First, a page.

Disclaimer: The content on MyPetChild.com is for informational purpose only. It is not intended to be a substitute for professional veterinarian advice, diagnosis, or treatment. Always seek the advice of your veterinarian when in doubt.

6 Comments

  1. Candy W September 2, 2019 at 8:38 pm

    My catahoula Leopard Dog ate a plastic Walmart bag with some chicken bones. She threw up this morning and this evening. She had had loose bowels too, this evening there was a point when she went out and seem to not do a thing. The she went went out after her dinner and it wasn’t. She is still eating good but she is a at-large dog can she pass this object?

  2. Dylan Peterson September 23, 2019 at 1:19 pm

    It’s good to know that you shouldn’t leave anything to chance if your dog eats a plastic bag. My dog recently ate a plastic bag, and he seems fine, but I want to be sure. I’ll be sure to take him to the vet to make sure that he’s okay.

  3. Kirsten December 26, 2019 at 8:56 am

    My brother’s husky ate/swallowed a quart sized siding Ziploc bag from the trash on Christmas day. That for sure would not pass through his system and dogs cannot digest plastic. We brought him to our emergency vet immediately. In case you didn’t know, waiting a few hours to see if the dog pukes it up on his own is not advisable because that is when the object will enter the small intestine and require surgery in most cases. We were able to get his stomach pumped. Not an experience I ever want again. The process starts by the vet laying down paper on the floor, giving you a door bell, and you putting an opiate drop in each of the dog’s eyes, waiting ten minutes as you Heimlich maneuver the dog’s stomach as its in a standing position. While that is happening, someone should hold the leash to prevent the dog from moving. As soon as the dog vomits, you ring the door bell. If not vomiting within 10 minutes, you ring the door bell and the entire process is repeated until successful. I think it can be repeated only about 3 times before the dog requires a endoscopy to view the stomach contents. Then it will be determined if the object can be pulled out at that time or if surgery is required to remove it from the intestines. Stomach pumping is ~$179.00. Endoscopy is ~$2,500.00. Surgery of course is much more expensive. We got lucky and the plastic bag came up within the first +/- 7 minutes of pumping his stomach. It came out rolled up in a tube shape and thus it would have been very easy for it to have gotten wedged in his intestines creating a blockage if we had waited a few hours.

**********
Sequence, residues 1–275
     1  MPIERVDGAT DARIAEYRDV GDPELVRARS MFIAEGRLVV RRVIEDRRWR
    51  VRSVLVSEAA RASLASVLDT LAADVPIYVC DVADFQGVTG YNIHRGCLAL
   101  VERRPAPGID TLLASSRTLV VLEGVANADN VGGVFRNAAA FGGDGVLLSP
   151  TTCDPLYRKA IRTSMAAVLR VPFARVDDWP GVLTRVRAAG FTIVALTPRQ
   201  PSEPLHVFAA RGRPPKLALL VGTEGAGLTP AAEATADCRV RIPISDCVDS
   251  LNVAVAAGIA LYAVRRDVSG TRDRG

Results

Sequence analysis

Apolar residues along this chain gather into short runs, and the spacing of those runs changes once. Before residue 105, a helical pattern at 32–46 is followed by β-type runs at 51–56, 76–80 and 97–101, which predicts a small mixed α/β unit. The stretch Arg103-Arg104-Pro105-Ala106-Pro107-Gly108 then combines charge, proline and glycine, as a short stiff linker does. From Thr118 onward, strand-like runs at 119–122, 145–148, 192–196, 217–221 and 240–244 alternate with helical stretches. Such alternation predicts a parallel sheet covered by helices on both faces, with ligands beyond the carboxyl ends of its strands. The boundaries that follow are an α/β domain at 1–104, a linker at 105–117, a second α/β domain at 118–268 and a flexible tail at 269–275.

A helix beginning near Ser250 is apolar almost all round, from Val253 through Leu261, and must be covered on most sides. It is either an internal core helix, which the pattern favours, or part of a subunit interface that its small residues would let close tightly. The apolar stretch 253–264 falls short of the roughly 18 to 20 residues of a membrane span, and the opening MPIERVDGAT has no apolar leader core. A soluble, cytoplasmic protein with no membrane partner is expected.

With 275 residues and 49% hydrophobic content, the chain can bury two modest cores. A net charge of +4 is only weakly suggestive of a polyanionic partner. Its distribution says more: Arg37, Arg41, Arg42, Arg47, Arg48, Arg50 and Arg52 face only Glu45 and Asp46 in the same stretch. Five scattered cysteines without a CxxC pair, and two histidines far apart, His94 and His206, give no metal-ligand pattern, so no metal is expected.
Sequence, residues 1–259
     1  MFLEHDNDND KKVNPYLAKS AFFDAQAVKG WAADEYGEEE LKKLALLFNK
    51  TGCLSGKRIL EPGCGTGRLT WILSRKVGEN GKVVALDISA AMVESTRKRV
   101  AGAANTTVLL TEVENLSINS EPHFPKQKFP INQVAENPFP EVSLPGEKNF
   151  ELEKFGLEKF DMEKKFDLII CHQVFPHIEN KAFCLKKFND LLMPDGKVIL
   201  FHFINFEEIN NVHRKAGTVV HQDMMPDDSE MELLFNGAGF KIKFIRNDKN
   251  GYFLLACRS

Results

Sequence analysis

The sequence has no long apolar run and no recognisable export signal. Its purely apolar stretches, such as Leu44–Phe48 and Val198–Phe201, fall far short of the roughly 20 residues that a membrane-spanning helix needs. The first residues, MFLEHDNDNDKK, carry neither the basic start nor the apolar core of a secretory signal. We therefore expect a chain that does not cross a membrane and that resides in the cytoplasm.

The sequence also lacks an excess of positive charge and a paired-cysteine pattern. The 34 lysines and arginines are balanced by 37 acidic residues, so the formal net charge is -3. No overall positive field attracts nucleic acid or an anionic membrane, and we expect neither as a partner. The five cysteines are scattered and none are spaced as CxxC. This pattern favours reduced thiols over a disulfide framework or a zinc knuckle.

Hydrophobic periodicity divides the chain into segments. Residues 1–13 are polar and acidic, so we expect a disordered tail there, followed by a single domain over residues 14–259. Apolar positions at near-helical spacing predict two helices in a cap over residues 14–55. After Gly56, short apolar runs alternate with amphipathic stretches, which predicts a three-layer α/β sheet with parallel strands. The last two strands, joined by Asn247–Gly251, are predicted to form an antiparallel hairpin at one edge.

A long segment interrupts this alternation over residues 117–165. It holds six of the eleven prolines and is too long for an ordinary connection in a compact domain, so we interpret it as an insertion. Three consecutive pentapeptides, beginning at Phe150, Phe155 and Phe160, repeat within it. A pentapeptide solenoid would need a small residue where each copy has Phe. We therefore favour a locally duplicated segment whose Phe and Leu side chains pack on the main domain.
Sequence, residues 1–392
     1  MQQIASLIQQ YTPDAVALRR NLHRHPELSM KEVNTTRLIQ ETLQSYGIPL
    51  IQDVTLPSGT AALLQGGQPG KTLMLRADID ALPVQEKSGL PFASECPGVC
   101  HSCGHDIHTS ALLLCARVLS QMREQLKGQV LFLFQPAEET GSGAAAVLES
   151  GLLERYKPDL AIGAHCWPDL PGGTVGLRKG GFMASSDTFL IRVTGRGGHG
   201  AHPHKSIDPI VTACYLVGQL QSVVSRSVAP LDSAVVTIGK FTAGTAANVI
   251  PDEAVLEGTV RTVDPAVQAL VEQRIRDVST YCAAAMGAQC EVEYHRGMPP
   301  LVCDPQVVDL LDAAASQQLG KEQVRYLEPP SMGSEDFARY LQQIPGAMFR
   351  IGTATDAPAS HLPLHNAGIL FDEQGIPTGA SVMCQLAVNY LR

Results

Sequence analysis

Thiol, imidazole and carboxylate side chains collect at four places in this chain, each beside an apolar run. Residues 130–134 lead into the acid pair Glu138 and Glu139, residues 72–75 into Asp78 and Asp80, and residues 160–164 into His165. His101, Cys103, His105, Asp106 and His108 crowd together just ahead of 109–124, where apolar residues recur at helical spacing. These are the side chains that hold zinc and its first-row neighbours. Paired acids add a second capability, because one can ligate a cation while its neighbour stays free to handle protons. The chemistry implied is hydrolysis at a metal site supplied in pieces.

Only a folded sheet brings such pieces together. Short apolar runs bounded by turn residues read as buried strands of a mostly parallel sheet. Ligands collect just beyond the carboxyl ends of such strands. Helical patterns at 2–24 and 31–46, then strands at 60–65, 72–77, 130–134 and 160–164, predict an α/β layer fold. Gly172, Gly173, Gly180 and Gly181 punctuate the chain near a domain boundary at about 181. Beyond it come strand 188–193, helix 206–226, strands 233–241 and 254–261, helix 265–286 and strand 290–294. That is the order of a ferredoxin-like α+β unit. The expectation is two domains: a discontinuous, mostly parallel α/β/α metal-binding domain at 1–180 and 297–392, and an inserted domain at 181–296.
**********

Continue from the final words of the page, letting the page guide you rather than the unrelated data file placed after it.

4. Christopher October 15, 2020 at 5:49 pm

    I think this is precisely what is happening to my dog. It ate plastic. I noticed it in itz poo. Itz loosing appetite. I notice it is backing more at night. It seems to loose weight! I admit I haven’t been walking it too often.

  5. Shyam Prasad S December 1, 2020 at 2:07 am

    My dog eat plastic bag it was white egg piece was there so

  6. Kesh June 21, 2021 at 8:26 am

    Hi All. Just wanted to post my recent experience with my 1.5 year old Dacshund male. He ate an entire plastic sandwich bag (200mm×100mm). He ate the plastic bag early in the morning and was okay for most part of the evening and night but he started eating a lot of grass. Day 2 was constant nausea and vomiting. We took him to the vet who treated him for the symptoms as they didn’t want to do invasive surgery straight away as the x-rays and scans showed no blockage or gas build up. They treated him with pain killers and antibiotics to prevent infections. Day 3 was similar, another vet follow up visit along with more injections. He did start eating food during the evening. Day 4 he ate normally although a much reduced portion as recommended by our vet. Day 5 he pooped out the plastic with our help. I guess this is a success story as there was no blockages and he didn’t require surgery. Thank you all for sharing your stories and opinions!